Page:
Latest News on the Medicare Program for Informed Seniors

New Medicare privatization scheme raises alarm bells

There is good and bad news about the ongoing research into Joe Biden’s administration of the Direct Contracting Entity (DCE) program, also known as ACO REACH. The bad news is that the idea remains a threat to the health of the elderly and an alarming Trojan horse that could lead to the privatization of Medicare. The good news is that resistance to it is starting to gain strength.

Late last month, Seattle City Council unanimously passed a resolution “to stop privatizing the U.S. Medicare system.” The resolution, which warns that the implementation of the DCE pilot program “opened the door to the full privatization of Medicare” and urges the resolution of equity issues “within the traditional Medicare system,” was introduced by Councilwoman Teresa Mosqueda , which is far from a radical.

Three days earlier, the Arizona Medical Association (ArMA), the four-member American Medical Association (AMA) chapter of the state, passed a similar resolution in its House of Representatives, calling for the program was “terminated” and warned. that older people could find themselves in a money-making system that “limits attention to provide maximum benefit.” The ArMA, which has previously voted against a resolution supporting a single-payer healthcare system, also based its opposition on concerns about doctors, noting that they could end up enrolled in the program without choosing to be one.

It’s a good sign for DCE opponents, for whom half the battle has involved simply alerting people to its existence. Although the controversial program began under Donald Trump, the Biden administration has continued it in silence, with late opposition earlier this year forcing the Centers for Medicare and Medicaid Services (CMS) to change. lo as “ACO REACH”, but fundamentally nothing has changed. about the actual program or what caused that scream in the first place. Meanwhile, seniors continue to receive an email informing them that their doctor is now part of the pilot program, but don’t worry, because their Medicare benefits haven’t changed.

But this is not true. The closest comparison to ACO REACH is the Medicare Advantage program that played a role for private insurers in the public health insurance program. But while Medicare Advantage enrollees have the option to abandon traditional Medicare, ACO REACH is specifically aimed at seniors who have refused to do so.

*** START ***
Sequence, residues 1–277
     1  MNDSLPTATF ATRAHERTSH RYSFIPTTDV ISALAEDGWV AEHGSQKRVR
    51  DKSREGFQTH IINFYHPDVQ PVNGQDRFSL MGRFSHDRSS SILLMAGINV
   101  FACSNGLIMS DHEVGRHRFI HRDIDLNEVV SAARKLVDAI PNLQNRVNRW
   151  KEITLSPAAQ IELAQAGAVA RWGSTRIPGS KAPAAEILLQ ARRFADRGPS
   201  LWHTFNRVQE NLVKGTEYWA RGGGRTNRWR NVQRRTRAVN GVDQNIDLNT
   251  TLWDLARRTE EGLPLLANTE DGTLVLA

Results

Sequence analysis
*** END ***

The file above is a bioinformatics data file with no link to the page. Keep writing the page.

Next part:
Then, whether they like it or not, a for-profit third party such as a health insurer or private equity firm can step in and receive Medicare payment to manage the care they receive, taking whatever benefit they can. Do not spend on the patient. Critics have warned that beyond taking the unthinkable step of partially privatizing all Medicare, CMS has made it clear that it now wants to switch everyone from traditional Medicare to a relationship with a “responsible care organization” or ACO, by 2030. , the idea is ripe for abuse.

Just look at the Medicare Advantage history to see what that means. Just two weeks ago, the Inspector General of the Department of Health and Human Services issued a scathing report on Medicare Advantage plans, accusing that there were “widespread and persistent problems with denials of services and inadequate payments.” involved denying. services that would have been approved under traditional Medicare in 13% of cases and denying 18% of reimbursements that complied with Medicare and Medicare Advantage rules.

Therefore, the continued existence of ACO REACH is a serious threat to Medicare as we know it and to the elderly themselves. And, in a sadly typical trend, he’s a Democratic president trying to get away with his Medicare elimination, something a Republican could never expect to get away with.

But resolutions passed by Seattle City Council and ArMA suggest that opposition to the program is being built not only at the federal level but also at the local level. It’s a good start, but it will take much longer to defeat him once and for all.

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